1. Jan and Michelle-thank you for your honest posts! I also think the media uses fear to dupe people. My family raises good, grain fed beef and only uses antibiotics for medicinal purposes and never uses hormones. Not every beef producer follows these rules, obviously, so we as a society, need to do our homework as to where our food is coming from and how it is grown.

  56. Let him have the Gatorade. You will need resentment and rebellion if you forbid it. If he eats real food 90% of the time that is great! Let him be with his friends and feel a part of them. Most children want to fit in.

  57. I have been using the Fresh 20 to keep on track with a healthy diet for about 3 weeks now. It is really easy to follow and because you only have 20 ingredients, it has cut down on my time at the grocery store. Above all, it is kid approved. All 3 of my kids have enjoyed the meals I have cooked.
    Love the post above about sports teams and such. My son is on a competitive soccer team and we struggle with this as well. Luckily we have been fortunate to take our own drinks, but I have struggled with the fact that gaterade isn’t healthy. I mean aren’t we supposed to replace electrolytes lost? So, I just googled what to drink instead of gaterade. There are some great resources out there and they all point to drinking water. I did find a recipe to mimick gaterade though. Use one part organic fruit juice to one part water and add a pinch of organic sea salt. Sounds easy enough and our athletes won’t feel left out. Look forward to seeing some other answers on this.

  58. I love all of these tips. Overall, we have done quite well with offering the kids real food most of the time. However, I do find it to be a problem when we are not at home. For example, my 11 year old plays on a baseball team that has over 45 games per season. I always packed lunches, snacks and lots of water. Last year, his coach always arrived with a huge cooler of gatorade or powerade. My son got very upset if we didn’t let him have the same things the other boys were drinking even though he *knows* that all the sugar / fake sugar / artificial everything was bad for him. He is the type of child that does not want to be different. We had the same problems between games with the concession stand. He wanted the gross snacks the other boys ate. Any suggestions?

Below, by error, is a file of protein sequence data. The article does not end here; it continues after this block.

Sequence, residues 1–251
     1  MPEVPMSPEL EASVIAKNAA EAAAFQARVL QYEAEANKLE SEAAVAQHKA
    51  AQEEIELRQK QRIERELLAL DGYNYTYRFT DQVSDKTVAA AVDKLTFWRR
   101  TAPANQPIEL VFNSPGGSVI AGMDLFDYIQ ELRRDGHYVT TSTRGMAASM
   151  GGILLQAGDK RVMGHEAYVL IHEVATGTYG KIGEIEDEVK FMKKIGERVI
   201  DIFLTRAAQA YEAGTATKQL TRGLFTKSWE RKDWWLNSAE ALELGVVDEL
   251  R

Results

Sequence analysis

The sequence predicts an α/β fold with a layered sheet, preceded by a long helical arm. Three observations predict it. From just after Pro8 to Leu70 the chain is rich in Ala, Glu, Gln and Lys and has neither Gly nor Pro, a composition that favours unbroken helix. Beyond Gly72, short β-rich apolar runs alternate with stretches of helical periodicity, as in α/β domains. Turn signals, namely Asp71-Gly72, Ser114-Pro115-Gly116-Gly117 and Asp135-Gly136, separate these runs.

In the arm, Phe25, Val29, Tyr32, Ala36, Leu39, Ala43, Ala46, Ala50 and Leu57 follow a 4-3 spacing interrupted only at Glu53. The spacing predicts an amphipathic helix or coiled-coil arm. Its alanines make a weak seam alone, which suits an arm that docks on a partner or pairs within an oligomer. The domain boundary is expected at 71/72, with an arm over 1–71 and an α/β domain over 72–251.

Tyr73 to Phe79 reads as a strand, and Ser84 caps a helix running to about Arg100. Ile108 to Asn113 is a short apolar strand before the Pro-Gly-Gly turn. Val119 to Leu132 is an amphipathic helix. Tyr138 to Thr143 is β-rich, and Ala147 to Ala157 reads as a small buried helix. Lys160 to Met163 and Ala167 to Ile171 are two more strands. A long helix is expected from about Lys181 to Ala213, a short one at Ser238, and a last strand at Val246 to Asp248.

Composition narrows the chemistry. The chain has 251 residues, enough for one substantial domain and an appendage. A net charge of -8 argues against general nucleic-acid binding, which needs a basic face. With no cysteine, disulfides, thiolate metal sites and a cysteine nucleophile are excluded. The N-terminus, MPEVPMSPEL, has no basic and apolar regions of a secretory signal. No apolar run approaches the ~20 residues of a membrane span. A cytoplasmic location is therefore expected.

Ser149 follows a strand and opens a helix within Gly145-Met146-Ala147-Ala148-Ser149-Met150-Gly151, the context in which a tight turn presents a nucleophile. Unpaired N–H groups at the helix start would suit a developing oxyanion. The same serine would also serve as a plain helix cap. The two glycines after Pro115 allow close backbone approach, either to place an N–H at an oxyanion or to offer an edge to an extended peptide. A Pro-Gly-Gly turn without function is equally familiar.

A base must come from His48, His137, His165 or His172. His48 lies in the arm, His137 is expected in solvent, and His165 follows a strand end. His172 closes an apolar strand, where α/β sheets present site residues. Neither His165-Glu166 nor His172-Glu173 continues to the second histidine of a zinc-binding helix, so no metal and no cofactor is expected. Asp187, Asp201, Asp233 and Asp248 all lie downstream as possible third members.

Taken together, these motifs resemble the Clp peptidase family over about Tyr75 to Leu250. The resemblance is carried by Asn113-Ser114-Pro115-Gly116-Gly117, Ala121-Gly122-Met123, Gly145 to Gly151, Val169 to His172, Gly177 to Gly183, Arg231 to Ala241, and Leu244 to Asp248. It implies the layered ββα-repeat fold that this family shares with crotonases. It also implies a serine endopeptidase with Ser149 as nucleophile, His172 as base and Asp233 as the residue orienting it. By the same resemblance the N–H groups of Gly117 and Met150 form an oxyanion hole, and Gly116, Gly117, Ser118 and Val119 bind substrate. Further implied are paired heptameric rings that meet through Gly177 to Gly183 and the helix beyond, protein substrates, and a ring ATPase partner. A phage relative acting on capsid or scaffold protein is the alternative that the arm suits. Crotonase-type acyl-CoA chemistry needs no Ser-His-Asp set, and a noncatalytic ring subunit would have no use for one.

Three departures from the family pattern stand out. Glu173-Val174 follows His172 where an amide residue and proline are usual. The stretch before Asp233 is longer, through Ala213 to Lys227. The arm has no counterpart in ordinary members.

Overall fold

1. This may sound horrible but maybe helpful? Take a gaterade/powerade that they offer and run and dump it out!!! Then add your own water and a drop of food coloring that is mentioned somewhere on this blog. Add a packet of Emergen-C too. That way it looks like he’s blending right in if that’s wha he’s worried about.

    2. Personally, I would talk to the Coach, and ask him to bring water. (You could talk to other parents beforehand and see if they would prefer water for their children, as well.)

      My second suggestion is to educate your son. Tell him the components in the food, and why you feel it best that your family avoids them. He is definitely old enough to understand. :-) Good luck!

    3. I personally would not worry too much about a Gatorade or a “gross snack” every now and then. Food is not just about providing your body with nutrients, it is also about enjoyment and a social event. Having a “gross snack” and a Gatorade after a baseball game sounds like fun to me and I would not want my son to miss it.

      1. I think it’s a decision we all have to make. 45 games in a season doesn’t sound like once in a while to me. It must be a few times a week. She may want her son to understand that sometimes we can’t do something to fit in with our friends, if it goes against our ideals.
        At 11, what might help is letting him read articles that show that there is no reason for kids to be needing sports drinks- regular water and a meal later is enough.
        My son isn’t at that age yet, he’s 4 and doesn’t want anything artificial, but I know peer pressure is real. I think about those days.

      2. 45 games is about once a week, which does not sound too bad to me. “…if it goes against our ideals” – is in this case OUR ideals or the ideals of the parents which kids inevitably have to share? He is 11 years, an age at which IMHO parents should not micro-manage every single detail of his live anymore. In just a couple of years he is anyway going to make his own choices about food. I think, kids/teenagers develop a healthier attitude towards food if “rules” are not as religiously preached and enforced.
        Besides that, I perfectly agree with you that kids and adults (!) do not need sports drinks after exercise.
        My daughter is 4 too, and she loves almost anything artificial and at daycare/birthday parties/other people’s homes she already consumes stuff she would not have access to at home, but I am not too concerned about it.